Shawcross says too many charities focus on their own growth

The departing chief executive of the Charity Commission says in an opinion piece for The Daily Telegraph that it's not good enough to measure success in terms of growth

William Shawcross
William Shawcross

William Shawcross, the outgoing chair of the Charity Commission, has said that too many large charities are overly focused on their own growth and he hopes the sector will start to see a new generation of leaders.

Shawcross, whose five-year term as chair of the regulator is due to come to an end next month, says in a comment piece for The Daily Telegraph newspaper today that there are marvellous examples of charities of all sizes that achieve measurable, meaningful results.

"But I worry that too many large charities are too focused on chasing the next public service contract, or a bigger fundraising return, or a celebrity patron," he says. "Measuring their success simply in terms of growth. That is not good enough.

"Charities, small and large, should be lean and agile, focusing on the people they were set up to help," he says. "They should question their very existence as often as practicably possible."

Shawcross says the need for "effective leadership of charities – passionate and visionary – has never been more critical".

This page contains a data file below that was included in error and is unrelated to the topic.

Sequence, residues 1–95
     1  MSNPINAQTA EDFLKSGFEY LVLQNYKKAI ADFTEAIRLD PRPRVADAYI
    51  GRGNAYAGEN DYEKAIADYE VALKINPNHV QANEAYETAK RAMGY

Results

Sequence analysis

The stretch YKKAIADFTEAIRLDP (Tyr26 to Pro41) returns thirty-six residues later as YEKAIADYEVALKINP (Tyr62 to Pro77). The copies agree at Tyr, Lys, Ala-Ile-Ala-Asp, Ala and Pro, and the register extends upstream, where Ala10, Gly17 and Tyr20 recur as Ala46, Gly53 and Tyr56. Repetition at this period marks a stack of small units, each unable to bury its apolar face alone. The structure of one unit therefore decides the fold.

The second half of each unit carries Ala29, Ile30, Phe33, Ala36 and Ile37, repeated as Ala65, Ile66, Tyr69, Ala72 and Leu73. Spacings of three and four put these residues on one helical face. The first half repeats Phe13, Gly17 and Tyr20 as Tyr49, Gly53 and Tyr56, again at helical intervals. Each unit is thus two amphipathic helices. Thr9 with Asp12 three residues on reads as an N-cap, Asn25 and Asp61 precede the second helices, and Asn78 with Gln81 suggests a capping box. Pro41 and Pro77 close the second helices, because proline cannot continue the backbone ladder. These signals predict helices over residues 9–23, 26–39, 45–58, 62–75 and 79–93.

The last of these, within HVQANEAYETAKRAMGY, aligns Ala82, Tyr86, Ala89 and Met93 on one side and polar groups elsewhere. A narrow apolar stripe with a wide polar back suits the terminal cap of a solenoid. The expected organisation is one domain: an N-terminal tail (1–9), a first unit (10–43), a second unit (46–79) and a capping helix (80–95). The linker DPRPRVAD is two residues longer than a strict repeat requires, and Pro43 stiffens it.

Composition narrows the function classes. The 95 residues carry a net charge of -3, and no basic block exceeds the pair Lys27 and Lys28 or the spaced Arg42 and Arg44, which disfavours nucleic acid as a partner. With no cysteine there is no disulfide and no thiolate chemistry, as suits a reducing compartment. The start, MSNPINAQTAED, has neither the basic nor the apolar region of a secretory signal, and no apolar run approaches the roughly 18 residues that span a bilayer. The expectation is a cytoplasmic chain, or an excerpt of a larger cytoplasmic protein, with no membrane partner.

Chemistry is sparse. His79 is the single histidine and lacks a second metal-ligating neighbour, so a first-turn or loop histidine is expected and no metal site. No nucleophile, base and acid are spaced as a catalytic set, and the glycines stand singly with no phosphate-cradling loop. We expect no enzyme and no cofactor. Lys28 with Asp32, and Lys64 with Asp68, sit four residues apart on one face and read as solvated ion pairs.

He says: "I hope we will see a new generation of leaders of the charitable sector – women and men with ideas, energy and fight, who make the world a better place. And can prove it."

The government announced on Friday that the Conservative peer Baroness Tina Stowell had been identified as its preferred candidate to take over next month from Shawcross.

In his article today, Shawcross says it would be wrong and unlawful for the commission to force ineffective charities to wind up or merge, but trustees should constantly ask difficult questions about their charities’ effectiveness and "draw brave conclusions".

He says charities should welcome the new "spirit of enquiry" brought on by the increased scrutiny of the sector in recent years.

He says the regulator is "about to start" consulting larger charities on how they might be able to make a financial contribution to the commission’s work.

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